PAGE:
As soon as the assignment was official, we continued to unearth as much knowledge as we could for 5 major areas (all of which we deemed essential for making our Multiage Program work):
1. Multiage Philosophy
2. Brain-Based Learning
3. Gifted & Talented
4. Integration of Content Areas (not to be confused with theme teaching)
5. Student Self-Assessment
We believed deeply that these were the concepts we wanted at the CORE of our program. As we read a variety of Professional Development Books, Articles, and Blogs, we found ourselves more inspired than we had ever been before.Our own personal ESSENTIAL question was: Could we create a classroom community that truly differentiated for the needs of EVERY learner?
In the past, we had felt very strong in the area of differentiation. We used a variety of strategies and felt like we had a handle on our daily instructional practices, but still felt like a few kids each year fell through the cracks and didn’t meet the growth we felt they were capable of. What we found through our summer research, though, was that there was so much more that differentiation had to offer. As we dug deeper into literature and others’ perspectives of the above topics, we found that essentially these were the reasons Multiage Programs were successful; if they were dutifully following the above “protocol”, so to speak.
In September, we established our program with these 5 at the CORE as we had originally planned.
1. Multiage Philosophy: We have taken on the perspective that every child can learn and has the right to at their own pace, diversity is a celebration each day, and our classroom is a family of learners. We teach students on a continuum, and we established a metaphor that we refer to each day: The grade level standards are building blocks. When you are missing a block your tower will fall, so it is important to go back and fill in the gaps (bricks). We focus on where a child individually is rather than their “grade level benchmark” indicates, therefore a student has the opportunity to fill in blocks or extend themselves to a higher block.
And with the opportunity for looping with students we do not lose ground, because we have the chance to just keeping moving forward from day 1 of each new school year.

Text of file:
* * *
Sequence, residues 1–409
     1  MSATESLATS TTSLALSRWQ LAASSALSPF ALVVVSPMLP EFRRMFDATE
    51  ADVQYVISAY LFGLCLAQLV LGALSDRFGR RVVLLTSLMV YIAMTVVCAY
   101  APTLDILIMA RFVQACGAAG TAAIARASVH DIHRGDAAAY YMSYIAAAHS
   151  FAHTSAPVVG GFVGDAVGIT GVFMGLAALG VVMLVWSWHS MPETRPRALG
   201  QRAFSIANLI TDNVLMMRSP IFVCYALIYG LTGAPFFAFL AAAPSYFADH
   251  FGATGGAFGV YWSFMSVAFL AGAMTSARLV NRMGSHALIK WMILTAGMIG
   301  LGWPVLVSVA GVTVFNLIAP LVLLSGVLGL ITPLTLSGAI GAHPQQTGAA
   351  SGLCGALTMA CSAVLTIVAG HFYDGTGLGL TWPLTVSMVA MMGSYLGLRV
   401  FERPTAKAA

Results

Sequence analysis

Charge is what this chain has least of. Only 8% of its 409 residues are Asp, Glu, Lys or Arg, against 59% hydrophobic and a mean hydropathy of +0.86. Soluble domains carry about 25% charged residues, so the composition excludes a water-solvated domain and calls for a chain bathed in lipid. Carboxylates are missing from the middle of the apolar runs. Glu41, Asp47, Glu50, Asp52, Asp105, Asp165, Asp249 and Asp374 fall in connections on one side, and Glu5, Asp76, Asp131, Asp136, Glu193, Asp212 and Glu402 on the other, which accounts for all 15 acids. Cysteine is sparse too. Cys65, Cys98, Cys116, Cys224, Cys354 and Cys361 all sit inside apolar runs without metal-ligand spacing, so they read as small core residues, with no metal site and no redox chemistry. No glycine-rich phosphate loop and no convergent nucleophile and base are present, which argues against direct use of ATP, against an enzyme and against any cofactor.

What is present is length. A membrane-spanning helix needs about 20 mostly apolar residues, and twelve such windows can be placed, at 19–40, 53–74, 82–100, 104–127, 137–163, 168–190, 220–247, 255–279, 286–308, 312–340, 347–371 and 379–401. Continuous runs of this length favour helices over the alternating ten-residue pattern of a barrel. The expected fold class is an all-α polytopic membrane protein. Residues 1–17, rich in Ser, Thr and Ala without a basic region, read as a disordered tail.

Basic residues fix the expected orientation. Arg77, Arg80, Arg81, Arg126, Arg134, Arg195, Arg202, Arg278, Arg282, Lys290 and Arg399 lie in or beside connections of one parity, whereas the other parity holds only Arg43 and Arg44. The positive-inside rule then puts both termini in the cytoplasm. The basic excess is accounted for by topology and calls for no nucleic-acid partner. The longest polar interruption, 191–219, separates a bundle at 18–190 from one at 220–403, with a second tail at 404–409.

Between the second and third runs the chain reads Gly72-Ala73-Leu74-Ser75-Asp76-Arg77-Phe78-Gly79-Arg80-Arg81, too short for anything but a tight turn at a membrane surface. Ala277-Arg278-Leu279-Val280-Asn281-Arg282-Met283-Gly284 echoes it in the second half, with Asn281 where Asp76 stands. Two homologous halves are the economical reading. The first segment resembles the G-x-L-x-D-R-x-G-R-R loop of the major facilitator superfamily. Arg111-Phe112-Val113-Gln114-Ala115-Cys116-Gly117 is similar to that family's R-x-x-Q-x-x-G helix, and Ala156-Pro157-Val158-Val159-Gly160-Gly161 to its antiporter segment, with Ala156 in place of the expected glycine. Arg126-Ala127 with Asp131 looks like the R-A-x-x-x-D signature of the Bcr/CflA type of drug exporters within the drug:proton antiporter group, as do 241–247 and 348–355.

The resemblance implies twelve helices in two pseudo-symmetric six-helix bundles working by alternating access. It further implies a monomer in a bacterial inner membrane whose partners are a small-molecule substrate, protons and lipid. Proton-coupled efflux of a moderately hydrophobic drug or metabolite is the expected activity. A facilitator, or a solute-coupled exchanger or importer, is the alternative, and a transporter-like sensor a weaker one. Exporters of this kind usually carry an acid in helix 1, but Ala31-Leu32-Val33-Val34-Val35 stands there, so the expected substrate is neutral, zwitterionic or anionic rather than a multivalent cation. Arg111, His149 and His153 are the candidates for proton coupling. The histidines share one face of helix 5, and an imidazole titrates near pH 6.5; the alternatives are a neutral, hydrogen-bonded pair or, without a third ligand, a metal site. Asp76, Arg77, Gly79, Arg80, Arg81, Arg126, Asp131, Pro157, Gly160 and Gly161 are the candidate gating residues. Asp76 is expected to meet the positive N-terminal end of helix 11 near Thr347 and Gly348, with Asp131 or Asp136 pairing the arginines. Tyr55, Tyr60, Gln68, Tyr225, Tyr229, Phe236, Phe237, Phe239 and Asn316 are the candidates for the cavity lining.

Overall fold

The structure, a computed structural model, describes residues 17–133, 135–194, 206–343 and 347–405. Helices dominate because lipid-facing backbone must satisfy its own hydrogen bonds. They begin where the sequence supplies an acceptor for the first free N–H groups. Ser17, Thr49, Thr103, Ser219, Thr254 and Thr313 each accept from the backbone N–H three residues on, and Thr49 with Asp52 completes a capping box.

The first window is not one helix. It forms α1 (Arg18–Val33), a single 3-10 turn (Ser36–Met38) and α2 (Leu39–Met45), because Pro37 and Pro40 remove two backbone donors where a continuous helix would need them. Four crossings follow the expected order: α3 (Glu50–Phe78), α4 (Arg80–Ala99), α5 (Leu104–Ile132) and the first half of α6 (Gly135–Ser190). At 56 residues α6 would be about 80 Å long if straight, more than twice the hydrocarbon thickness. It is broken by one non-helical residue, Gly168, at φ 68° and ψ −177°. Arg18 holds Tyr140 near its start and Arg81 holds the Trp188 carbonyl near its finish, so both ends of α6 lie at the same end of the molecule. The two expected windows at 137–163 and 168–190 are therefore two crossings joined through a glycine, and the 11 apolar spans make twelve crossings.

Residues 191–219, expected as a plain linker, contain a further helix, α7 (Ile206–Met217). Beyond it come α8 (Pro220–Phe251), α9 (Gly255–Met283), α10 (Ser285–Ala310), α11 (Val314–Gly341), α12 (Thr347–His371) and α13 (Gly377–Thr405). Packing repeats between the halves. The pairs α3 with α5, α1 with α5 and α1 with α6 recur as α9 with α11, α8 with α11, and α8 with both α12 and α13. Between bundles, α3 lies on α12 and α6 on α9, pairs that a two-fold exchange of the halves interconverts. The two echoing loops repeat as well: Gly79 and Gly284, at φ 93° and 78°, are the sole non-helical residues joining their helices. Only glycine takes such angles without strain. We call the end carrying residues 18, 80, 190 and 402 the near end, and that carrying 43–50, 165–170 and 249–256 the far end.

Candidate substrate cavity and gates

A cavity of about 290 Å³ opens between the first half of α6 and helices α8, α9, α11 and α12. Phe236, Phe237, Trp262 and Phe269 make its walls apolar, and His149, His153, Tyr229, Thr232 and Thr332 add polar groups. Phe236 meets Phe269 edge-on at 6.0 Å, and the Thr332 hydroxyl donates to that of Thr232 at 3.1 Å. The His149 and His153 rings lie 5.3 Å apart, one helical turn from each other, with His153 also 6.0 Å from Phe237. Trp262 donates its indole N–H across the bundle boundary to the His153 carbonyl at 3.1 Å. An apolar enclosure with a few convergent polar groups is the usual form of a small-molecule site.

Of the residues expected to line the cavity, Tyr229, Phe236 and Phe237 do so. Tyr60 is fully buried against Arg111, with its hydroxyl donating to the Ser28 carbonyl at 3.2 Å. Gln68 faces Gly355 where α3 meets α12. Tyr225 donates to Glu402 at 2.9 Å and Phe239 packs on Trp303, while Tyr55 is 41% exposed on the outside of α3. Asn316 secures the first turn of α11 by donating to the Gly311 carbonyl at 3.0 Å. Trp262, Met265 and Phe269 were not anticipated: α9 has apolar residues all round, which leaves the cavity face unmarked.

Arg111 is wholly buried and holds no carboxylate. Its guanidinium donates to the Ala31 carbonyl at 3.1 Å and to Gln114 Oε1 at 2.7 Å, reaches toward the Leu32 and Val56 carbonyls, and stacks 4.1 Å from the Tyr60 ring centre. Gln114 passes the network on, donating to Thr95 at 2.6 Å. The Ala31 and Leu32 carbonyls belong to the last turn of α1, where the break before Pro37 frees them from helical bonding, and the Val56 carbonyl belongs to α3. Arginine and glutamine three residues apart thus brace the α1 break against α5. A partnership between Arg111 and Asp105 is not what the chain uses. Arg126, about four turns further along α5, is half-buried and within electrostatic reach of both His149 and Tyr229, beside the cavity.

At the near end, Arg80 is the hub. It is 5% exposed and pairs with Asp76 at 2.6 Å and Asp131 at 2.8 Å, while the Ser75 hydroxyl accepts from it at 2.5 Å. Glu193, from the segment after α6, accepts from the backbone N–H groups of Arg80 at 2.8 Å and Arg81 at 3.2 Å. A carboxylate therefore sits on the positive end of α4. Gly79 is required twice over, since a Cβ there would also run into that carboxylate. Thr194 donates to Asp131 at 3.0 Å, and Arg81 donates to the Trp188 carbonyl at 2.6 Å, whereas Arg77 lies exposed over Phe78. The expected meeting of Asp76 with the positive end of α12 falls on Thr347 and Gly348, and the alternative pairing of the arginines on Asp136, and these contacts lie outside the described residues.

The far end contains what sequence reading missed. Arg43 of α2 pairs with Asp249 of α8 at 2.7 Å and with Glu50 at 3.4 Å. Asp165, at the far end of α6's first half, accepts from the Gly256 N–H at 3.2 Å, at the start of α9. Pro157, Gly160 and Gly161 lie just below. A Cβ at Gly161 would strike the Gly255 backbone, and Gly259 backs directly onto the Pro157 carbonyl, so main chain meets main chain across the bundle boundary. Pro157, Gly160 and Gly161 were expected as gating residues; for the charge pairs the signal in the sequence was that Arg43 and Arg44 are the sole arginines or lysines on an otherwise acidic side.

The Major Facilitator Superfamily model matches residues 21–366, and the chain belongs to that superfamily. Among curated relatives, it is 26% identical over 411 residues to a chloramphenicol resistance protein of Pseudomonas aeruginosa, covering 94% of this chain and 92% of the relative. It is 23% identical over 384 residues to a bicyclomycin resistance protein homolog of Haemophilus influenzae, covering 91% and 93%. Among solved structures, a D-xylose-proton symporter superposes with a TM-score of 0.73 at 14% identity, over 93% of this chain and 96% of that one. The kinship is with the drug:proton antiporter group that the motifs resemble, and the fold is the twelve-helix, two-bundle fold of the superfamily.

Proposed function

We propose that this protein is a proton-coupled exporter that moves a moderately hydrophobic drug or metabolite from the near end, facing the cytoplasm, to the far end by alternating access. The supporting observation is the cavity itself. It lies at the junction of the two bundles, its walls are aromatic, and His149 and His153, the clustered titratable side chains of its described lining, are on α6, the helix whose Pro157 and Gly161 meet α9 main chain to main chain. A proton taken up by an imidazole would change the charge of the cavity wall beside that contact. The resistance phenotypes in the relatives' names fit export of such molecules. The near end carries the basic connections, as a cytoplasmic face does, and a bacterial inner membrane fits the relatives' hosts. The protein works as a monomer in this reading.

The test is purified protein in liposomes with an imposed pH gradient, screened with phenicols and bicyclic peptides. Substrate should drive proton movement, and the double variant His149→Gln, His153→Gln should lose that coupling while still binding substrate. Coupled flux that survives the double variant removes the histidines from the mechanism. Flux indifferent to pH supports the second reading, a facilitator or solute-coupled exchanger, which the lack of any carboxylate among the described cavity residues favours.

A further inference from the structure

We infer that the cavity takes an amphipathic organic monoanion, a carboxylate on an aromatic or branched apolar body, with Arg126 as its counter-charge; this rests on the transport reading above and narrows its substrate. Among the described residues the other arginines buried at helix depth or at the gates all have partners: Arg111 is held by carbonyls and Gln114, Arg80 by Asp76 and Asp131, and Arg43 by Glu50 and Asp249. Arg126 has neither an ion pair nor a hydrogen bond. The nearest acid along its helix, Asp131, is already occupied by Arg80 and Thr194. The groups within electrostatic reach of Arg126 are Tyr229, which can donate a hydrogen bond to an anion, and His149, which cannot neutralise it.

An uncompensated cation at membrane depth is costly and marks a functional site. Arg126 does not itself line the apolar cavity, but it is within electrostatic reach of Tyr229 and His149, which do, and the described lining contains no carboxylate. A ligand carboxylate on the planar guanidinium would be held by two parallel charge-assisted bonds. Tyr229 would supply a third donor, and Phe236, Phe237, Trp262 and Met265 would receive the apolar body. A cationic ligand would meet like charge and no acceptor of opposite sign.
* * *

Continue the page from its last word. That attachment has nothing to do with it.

2. Brain-Based Learning: We used to think we were “Constructivists” with our teaching style, but now we have moved to this side of the tracks. J I actually think good teachers use a little strategy from each theory (just like good reading teachers use phonics and whole language). We actually are also partial to William Glasser’s Control Theory of Motivation. http://crescentok.com/staff/jaskew/isr/education/theories.htm (This site by Jim Askew is a great reference tool!) When you walk into our classroom you see both Theories living and breathing… Our favorite authors on this topic are: Marilee Sprenger, David A. Sousa, and Eric Jensen. In fact, our students quote Sousa almost every day: “The brain that does the work makes the most growth!”
3. Gifted & Talented: After obtaining my Master’s Degree (from Whitworth University), my passion for this area has grown and grown. I took all of my elective courses within this field of study and learned so much about myself as a parent, teacher, and learner. I am constantly reading new information and discovering each and every day strategies to assist our gifted learners. My favorite website is: http://www.gifteddevelopment.com/
4. Integration of the Content Areas: As this is the direction we are headed anyways with the Common Core Standards, Ann and I decided give ourselves a jumpstart. We intentionally plan lessons that will have natural crossovers among the content areas, while focusing on real-world concepts. Our reading, math, and science/social studies blocks really have grown into just continuously learning opportunities that are more succinct rather than disjointed. Art, music, communication, and writing occur daily. We also have a common theme, each trimester, which ties it all together- for example right now we are working on “Structures”.
5. Student Self-Assessment: Our formative self-assessment occurs daily, and it is really in the hands of our students. In order to really empower learners, they have to know what they have (their “got it” targets) and what they are missing (their “need it” targets). About 90% of our students have no problem, just 2 months into the year, accurately self-assessing as they must provide “evidence” to support that they have it! They can also successfully establish a plan of action utilizing the tools and resources (students, teachers, computer, and text) within our classroom. They have independent/partner focus time daily to work on their goals.
As we move forward each day, we are continually inspired by each and every one of these 5 concepts. We persistently find literature related to the 5- and many on our staff joke about us needing a PD Book intervention! Yes, we may be obsessed, but for us this growth path we are on is invigorating! We continue to apply new strategies each week and allow our students to provide feedback to us. Their voice is the most important ones in the learning process. And they are the evidence that tells us that our 5 Things that Ensue Inspiration are powerful entities within our Multiage Program!